Joe M. Nishimoto was born an American citizen to Japanese parents in Fresno, California on February 21, 1919. He was interned like most Japanese-Americans in the wake of the attack on Pearl Harbor. He was at the Jerome War Relocation Center in Arkansas when his brother-in-law arranged for his release and move to Columbus, Ohio.
Nishimoto was living in Columbus when he was drafted into the United States Army on October 4, 1943. He volunteered for service in the all-Nisei (2nd generation Japanese-American) 442nd Regimental Combat Team.
Continue reading Private First Class Joe M. Nishimoto, USA (November 7, 1944)
James K. Okubo was born on May 30, 1920 in Anacortes, Washington. With the internment of Japanese-Americans in the wake of Pearl Harbor, he was sent with his family to the Tule Lake War Relocation Center in California and later to the Heart Mountain War Relocation Center in Wyoming. It was from the latter that he was drafted into the United States Army on May 22, 1943 just before his 23rd birthday.
Okubo volunteered for the all-Nisei (2nd generation Japanese-American) 442nd Regimental Combat Team and was trained as a combat medic. On three days in the fall of 1944, he showed such valor in combat caring for his wounded comrades that he was later awarded the Medal of Honor.
Continue reading Technician 5th Grade James K. Okubo, USA (November 4, 1944)
On October 24, 1944, the 1st Battalion, 141st Infantry Regiment – part of the 36th Infantry Division – was cut off and surrounded by the Nazis in France’s Vosges Mountains. Two attempts were made to break through to the unit known as the “Lost Battalion”. Those attempts failed.
On October 26, the all-Nisei (second-generation Japanese-American) 442nd Regimental Combat Team was ordered to break through to the Lost Battalion. Over five days of intense fighting, the 442nd finally saved about 230 of 1-141’s soldiers, and suffered at least 800 casualties in the process.
Two of the 442nd’s soldiers earned the Medal of Honor for their heroism during the battle.
Continue reading Privates Barney F. Hajiro & George T. Sakato and the “Lost Battalion” (October 29, 1944)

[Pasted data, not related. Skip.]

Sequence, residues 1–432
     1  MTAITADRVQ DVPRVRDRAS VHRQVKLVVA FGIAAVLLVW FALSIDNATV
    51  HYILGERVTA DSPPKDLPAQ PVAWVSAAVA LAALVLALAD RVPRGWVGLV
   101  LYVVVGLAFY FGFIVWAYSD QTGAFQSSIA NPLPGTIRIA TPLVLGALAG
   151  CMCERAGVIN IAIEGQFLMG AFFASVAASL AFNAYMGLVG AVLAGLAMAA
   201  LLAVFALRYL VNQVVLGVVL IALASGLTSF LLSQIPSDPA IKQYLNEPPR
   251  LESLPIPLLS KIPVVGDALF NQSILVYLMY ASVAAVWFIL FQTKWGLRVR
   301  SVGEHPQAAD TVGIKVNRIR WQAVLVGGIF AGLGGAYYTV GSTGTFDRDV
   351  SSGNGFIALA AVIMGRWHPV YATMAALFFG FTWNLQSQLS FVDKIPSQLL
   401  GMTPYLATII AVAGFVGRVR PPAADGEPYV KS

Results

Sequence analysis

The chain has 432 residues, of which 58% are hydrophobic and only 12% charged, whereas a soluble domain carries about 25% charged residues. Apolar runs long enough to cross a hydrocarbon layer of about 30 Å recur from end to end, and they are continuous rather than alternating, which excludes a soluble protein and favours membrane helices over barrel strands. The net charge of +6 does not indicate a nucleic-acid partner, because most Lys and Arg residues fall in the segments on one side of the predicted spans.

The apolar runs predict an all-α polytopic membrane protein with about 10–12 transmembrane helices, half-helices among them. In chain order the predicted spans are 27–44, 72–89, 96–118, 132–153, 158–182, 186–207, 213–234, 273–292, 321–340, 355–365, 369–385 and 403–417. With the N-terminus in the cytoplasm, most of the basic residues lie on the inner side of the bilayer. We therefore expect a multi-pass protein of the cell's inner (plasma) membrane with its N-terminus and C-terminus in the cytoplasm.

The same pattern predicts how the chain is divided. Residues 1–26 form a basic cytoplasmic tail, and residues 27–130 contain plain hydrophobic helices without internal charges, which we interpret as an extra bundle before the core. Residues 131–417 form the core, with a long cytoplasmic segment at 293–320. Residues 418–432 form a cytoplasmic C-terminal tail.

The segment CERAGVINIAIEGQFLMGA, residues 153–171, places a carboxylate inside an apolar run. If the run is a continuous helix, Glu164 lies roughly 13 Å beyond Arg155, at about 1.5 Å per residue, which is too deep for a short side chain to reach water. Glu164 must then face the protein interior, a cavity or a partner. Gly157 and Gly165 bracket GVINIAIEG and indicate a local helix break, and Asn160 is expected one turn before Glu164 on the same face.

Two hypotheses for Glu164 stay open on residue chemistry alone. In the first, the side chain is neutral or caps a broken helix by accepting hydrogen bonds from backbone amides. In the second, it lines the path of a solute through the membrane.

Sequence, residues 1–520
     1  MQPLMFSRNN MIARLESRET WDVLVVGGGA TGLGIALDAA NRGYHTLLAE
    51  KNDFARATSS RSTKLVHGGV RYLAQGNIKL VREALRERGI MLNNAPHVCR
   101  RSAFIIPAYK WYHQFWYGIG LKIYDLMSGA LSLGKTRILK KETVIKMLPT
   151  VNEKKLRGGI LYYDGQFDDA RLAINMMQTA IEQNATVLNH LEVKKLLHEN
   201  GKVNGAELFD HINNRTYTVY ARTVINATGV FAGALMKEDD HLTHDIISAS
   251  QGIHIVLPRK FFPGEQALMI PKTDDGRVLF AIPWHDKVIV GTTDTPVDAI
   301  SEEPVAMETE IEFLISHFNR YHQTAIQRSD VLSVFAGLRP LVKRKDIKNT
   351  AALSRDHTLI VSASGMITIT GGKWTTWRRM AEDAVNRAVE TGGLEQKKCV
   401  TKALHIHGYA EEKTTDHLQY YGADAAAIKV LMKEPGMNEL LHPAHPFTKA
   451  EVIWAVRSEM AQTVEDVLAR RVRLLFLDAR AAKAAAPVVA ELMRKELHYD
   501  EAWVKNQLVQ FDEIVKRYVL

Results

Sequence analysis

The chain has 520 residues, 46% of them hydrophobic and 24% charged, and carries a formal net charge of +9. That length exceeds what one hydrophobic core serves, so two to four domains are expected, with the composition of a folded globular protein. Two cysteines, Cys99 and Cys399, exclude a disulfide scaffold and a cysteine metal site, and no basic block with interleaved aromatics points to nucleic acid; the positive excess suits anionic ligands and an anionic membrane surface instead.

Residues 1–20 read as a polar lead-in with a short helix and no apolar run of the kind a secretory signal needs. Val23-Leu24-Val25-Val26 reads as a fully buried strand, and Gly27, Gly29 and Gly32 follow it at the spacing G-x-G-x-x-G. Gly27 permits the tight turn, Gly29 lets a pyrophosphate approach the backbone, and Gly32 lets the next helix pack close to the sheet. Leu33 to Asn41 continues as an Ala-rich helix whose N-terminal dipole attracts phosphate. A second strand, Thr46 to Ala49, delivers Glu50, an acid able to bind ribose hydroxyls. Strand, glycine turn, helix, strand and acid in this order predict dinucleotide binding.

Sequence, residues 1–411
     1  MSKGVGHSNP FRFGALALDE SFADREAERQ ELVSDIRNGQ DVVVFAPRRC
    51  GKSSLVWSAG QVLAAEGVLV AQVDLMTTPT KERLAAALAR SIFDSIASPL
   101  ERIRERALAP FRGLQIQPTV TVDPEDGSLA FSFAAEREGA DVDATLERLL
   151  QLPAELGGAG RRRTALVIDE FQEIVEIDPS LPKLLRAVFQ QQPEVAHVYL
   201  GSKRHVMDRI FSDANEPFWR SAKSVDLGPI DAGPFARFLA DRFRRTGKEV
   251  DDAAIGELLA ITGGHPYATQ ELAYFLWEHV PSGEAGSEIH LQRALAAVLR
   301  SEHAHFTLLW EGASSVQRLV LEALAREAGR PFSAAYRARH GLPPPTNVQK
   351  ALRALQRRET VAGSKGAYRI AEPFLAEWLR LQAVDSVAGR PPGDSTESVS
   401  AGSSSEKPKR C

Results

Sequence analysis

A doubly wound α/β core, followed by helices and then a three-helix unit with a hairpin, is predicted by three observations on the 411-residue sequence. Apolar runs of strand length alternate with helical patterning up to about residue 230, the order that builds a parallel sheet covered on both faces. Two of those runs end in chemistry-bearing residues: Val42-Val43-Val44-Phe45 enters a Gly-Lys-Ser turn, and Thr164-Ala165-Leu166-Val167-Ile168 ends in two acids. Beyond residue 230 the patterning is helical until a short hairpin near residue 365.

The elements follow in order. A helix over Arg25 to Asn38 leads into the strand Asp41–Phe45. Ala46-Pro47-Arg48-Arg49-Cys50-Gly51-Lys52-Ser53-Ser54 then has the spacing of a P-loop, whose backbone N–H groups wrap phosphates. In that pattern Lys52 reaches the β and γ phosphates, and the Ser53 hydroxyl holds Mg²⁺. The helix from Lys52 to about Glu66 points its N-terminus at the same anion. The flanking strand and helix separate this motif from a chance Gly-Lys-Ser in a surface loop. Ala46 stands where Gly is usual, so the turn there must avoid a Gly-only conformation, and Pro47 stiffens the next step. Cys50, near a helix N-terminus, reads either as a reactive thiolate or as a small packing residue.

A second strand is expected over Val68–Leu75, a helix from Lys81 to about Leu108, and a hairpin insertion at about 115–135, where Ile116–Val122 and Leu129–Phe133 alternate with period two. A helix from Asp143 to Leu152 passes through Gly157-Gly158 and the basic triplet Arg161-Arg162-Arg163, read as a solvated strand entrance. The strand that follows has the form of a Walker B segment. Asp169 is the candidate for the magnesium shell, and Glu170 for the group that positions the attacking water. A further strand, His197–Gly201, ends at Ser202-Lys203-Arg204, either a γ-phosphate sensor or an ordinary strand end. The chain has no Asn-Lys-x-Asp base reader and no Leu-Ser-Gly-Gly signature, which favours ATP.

Robert Toshio Kuroda was born in Aiea, Hawaii on the island of Oahu on November 8, 1922. His parents were Japanese immigrants, making him a Nisei, or second-generation (native born) Japanese-American. He graduated from vocational school and was an electrician, but found it difficult to find work with World War II raging and prejudices against people of Japanese descent. He was drafted on March 23, 1943 and volunteered for the United States Army‘s all-Nisei 442nd Regimental Combat Team.
Continue reading Staff Sergeant Robert T. Kuroda, USA (October 20, 1944)
Masato Nakae was born in Lihue, Kauai, Hawaii on December 20, 1917. He was drafted into the United States Army on February 8, 1942 and volunteered for duty with the all-Nisei (second-generation Japanese-American) 100th Infantry Battalion, later part of the 442nd Regimental Combat Team.
Continue reading Private Masato Nakae, USA (August 19, 1944)
Kazuo Otani was born an American citizen to Japanese immigrant parents in Visalia, California on June 2, 1918. He was drafted into the United States Army on February 16, 1942. Not long afterwards, his family was interned in the Gila River War Relocation Center in Arizona.
Otani served with the 2nd Battalion, 442nd Regimental Combat Team, an all-Nisei unit made up of second-generation Japanese-Americans.
Continue reading Staff Sergeant Kazuo Otani, USA (July 15, 1944)
Seventy years ago today on July 7, 1944, the 442nd Regimental Combat Team – predominately comprised of Nisei (2nd generation, born-citizen Japanese-Americans) – continued the fight for Hill 140 near Castellina, Italy. Two of the regiment’s soldiers had already exhibited heroism worthy of the Medal of Honor.
On this day, Private First Class Kaoru Moto and Technical Sergeant Ted T. Tanouye would join them.
Continue reading PFC Kaoru Moto & TSG Ted T. Tanouye, USA (July 7, 1944)
The 442nd Regimental Combat Team, attached to the 34th Infantry Division during World War II, was one of the most decorated units for valor in the history of the United States.
On July 4, 1944 two Privates First Class of the regiment went above and beyond the normal call of duty in the face of our Nazi German enemies and received our Nation’s highest honor.
Continue reading Privates First Class William K. Nakamura & Frank H. Ono, USA (July 4, 1944)
Kiyoshi K. Muranaga was born in Los Angeles, California on February 16, 1922 to Japanese immigrant parents. An American citizen by birth, he was living in Gardena, California when he was interred with his family in the Granada War Relocation Center in Colorado.
Records indicate he was drafted into the United States Army on May 29, 1943 and he was trained as a mortarman and placed in Company F, 2nd Battalion, 442nd Regimental Combat Team, an all-Nisei (second generation Japanese-American) unit. Continue reading Private First Class Kiyoshi K. Muranaga, USA (June 26, 1944)
In the late 1990s, the United States Army began a review of the service records of Japanese-Americans who had been awarded the Distinguished Service Cross for valor during World War II to determine if any of them had been denied the Medal of Honor due to racial prejudice.
Two of the soldiers whose decorations were found to be insufficient and thus upgraded to our nation’s highest honor were Yeiki Kobashigawa and Shinyei Nakamine, who fought as part of the all-Nisei (born Japanese-Americans and citizens, sons of Japanese immigrants) 100th Infantry Battalion attached to the 34th Infantry Division in Italy on June 2-3, 1944.
Continue reading TSG Yeiki Kobashigawa and PVT Shinyei Nakamine, USA (June 2-3, 1944)